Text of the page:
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The App Store Renders Government Irrelevant

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Many Americans have received more telemarketing and scam calls than usual over the past few months, and they are wondering what their number is doing on the National Do Not Call Registry, maintained by the FTC.

Some of the calls are clearly only meant for the most gullible, like those from some generic “card services” who somehow represent Visa, Mastercard, and all of the major banks and want to increase credit limits.

Tom Woods may be having the same trouble. Two weeks ago, he received calls purportedly from the IRS about back taxes he owed, but would settle out of court with a $2,000 Target gift card, obviously. Woods eventually offered zoo animals as payment and the scammer realized the gig was up.

Where the government’s Do Not Call Registry has failed, a free phone app has come to the rescue. Mr. Number, made by Hiya, blocks potential scam calls based on user reports.

Mr. Number blocks calls when enough of the app users flag it as a scam. It’s a very simple and effective process.

It’s a great example of the use of decentralized knowledge, and with over 10,000,000 downloads, there’s plenty of knowledge to be shared.

Compare this method to the FTC’s. If you get an unwanted call on your phone, you can go to donotcall.gov and file a complaint, which involves filling out a large, three-page form, with your personal information and everything you know about the caller. The form is probably dumped into a large database never to be used or seen again. It’s a very complex and useless process.

They also keep people’s phone numbers on a list that legally prohibits telemarketing calls. However, similar to any sort of legal prohibition (guns, drugs, alcohol, etc.) that only stops the telemarketers who obey the law.

Even companies that try to follow all of the rules sometimes get in trouble, though. Sprint had a server failure that resulted in them losing data in their internal do-not-call list, which resulted in them having to pay a whopping $7.5 million fine.

Mr. Number is also a great example of the effectiveness of private enforcement of rules. If the government finds that people are not following its rules, and it’s a priority that those rules are enforced, it almost invariably responds by 1) increasing law enforcement resources dedicated to detecting and arresting people, and/or 2) increasing the severity of punishment through higher fines and longer prison sentences. If it’s not a priority, as the Do Not Call Registry appears to be, then the government does little to nothing.

It’s a common misperception that the state has a comparative advantage in rule enforcement because it holds a monopoly on the legitimate use of force. But when you think about it, a relatively small amount of the order we observe is due to the government’s use of force or threat to use force. Economists deserve part of the blame for this misperception. 

Gary Becker, a pioneer in the field of the economics of crime, modeled criminal behavior as a simple weighing of the benefits of criminal activity vs. the costs of punishment, specifically the probability of being arrested times the length of incarceration.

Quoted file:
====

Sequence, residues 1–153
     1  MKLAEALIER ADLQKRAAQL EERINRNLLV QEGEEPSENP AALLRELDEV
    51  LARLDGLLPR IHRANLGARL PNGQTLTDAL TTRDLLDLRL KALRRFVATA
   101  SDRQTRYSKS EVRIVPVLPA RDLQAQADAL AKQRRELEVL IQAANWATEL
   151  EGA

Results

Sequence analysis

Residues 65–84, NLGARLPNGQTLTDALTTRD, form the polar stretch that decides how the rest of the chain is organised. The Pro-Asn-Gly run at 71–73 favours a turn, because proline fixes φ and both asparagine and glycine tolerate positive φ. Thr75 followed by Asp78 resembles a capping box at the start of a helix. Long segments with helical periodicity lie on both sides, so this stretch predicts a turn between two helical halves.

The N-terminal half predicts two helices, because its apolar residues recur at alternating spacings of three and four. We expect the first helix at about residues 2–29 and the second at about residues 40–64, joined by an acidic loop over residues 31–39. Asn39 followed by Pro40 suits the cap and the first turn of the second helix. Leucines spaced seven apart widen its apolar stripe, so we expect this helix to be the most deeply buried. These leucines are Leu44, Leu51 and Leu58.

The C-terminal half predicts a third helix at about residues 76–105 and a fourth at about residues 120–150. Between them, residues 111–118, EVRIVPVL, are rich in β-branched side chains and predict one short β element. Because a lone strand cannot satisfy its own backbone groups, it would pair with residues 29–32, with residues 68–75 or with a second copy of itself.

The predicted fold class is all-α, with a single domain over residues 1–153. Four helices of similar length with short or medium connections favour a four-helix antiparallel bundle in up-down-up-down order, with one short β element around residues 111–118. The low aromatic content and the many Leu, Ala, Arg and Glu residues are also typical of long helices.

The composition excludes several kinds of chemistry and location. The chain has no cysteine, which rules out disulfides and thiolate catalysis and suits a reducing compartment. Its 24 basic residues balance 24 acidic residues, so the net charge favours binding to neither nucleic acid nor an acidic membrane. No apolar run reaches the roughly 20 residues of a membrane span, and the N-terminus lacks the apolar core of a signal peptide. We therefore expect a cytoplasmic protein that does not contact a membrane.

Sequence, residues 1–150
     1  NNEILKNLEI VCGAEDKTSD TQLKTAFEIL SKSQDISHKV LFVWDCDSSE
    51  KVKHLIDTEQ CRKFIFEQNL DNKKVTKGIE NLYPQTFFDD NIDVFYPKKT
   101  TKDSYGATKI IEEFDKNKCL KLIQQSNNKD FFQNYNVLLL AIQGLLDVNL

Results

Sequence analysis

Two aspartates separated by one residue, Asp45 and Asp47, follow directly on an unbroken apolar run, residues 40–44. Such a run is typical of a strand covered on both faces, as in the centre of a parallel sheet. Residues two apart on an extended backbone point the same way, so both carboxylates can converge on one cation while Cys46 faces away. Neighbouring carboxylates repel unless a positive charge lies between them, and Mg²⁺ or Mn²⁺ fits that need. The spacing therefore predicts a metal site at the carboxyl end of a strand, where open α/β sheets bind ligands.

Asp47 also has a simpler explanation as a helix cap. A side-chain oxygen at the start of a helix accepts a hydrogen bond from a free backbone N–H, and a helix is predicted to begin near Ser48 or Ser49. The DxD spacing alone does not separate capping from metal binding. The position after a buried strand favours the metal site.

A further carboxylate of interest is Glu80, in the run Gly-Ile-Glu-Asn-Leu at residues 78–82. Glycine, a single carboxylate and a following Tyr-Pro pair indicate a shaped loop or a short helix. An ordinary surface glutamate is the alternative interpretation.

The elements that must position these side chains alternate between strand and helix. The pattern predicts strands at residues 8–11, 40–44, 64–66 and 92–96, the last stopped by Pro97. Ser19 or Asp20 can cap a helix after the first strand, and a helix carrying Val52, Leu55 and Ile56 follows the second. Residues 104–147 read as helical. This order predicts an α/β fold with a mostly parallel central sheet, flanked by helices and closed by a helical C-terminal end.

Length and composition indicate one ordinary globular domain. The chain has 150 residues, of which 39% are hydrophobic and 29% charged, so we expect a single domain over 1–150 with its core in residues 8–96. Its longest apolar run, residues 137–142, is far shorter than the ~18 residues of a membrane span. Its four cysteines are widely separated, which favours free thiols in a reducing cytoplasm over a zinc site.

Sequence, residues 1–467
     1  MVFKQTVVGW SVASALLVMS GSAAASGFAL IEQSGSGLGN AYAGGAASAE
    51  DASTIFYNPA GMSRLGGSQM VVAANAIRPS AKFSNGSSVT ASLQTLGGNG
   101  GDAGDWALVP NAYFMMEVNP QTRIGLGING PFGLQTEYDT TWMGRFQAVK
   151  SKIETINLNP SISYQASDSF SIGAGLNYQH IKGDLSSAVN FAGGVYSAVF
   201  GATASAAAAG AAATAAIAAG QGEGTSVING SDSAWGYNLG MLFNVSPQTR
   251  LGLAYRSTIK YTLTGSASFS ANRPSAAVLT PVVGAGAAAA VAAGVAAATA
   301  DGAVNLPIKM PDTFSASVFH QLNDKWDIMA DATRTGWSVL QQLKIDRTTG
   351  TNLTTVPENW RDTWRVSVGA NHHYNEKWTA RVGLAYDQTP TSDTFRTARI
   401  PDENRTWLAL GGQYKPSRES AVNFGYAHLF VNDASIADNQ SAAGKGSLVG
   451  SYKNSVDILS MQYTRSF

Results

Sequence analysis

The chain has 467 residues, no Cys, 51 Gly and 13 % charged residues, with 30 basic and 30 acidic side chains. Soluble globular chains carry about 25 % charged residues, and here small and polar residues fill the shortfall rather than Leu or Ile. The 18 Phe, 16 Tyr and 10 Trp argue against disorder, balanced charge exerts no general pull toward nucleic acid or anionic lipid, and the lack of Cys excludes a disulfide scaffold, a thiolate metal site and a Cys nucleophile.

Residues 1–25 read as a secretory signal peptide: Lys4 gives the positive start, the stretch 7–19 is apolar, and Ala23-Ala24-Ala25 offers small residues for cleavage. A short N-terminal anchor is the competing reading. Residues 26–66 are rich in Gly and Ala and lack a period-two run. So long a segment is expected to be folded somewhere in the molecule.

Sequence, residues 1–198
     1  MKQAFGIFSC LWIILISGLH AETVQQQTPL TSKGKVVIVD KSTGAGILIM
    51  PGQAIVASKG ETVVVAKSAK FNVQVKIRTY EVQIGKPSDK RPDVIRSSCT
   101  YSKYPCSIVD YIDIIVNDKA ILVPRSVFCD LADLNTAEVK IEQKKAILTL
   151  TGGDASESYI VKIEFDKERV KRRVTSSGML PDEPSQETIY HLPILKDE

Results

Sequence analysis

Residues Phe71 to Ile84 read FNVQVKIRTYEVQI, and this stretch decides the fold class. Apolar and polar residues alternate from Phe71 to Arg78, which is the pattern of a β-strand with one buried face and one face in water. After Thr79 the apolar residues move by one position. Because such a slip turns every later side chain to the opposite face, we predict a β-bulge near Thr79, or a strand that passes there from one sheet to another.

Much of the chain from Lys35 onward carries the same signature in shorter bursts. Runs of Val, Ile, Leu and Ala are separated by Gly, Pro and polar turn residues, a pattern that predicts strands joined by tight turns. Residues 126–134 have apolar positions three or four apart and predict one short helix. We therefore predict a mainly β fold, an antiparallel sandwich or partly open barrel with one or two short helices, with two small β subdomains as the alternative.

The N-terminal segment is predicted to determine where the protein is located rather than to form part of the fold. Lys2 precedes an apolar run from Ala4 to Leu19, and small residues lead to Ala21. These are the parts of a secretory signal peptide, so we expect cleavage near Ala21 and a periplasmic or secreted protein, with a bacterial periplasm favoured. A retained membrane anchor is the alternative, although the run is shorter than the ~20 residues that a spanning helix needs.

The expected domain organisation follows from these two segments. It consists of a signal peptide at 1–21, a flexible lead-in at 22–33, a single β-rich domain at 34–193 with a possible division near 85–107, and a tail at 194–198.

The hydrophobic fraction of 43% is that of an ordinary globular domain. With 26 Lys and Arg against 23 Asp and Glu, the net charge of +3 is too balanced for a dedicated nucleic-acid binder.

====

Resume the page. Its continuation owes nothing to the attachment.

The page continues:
However, we can all think of opportunities we have had, whether it be a package left on someone’s doorstep or observing valuable items in an unattended garage, where we chose not to commit crimes, even though we knew our probability of being caught was next to zero. In fact, the vast majority of crimes reported to police are unsolved. 

Taking Becker’s models literally, most of us should be committing many more crimes. But since we are not, it must be the case that factors other than the threat of government punishment influence us to respect property.

Most businesses don’t commit fraud not because they are afraid of government punishment, but because it’s a bad business strategy in the long run. Their reputation is far more valuable than any short run revenues obtained through fraud. 

This is another area where private efforts, especially mobile apps, have made use of decentralized knowledge to enforce rules in a far more effective way than brute enforcement ever could. Creative app designers have found innovative ways to solve problems, and have rendered a range of government services either irrelevant or obsolete. Apps like Yelp! probably have done more to ensure restaurant food quality than all government food safety inspectors combined. 

With the number of consumer information outlets and apps like Mr. Number, do we even need an FTC? What sort of app will replace our current law enforcement departments?

Jonathan Newman is a recent graduate of Auburn University and a Mises Institute Fellow. Contact: email

Tate Fegley is a Ph.D. student in economics at George Mason University. Contact: email.


Contact Jonathan Newman

Jonathan Newman is Assistant Professor of Economics and Finance at Bryan College and an Associated Scholar of the Mises Institute. He earned his PhD at Auburn University while a Research Fellow at the Mises Institute. 

Contact Tate Fegley

Tate Fegley is a Postdoctoral Associate at the Center for Governance and Markets at the University of Pittsburgh. Research Fellow at the Independent Institute.

Note: The views expressed on Mises.org are not necessarily those of the Mises Institute.
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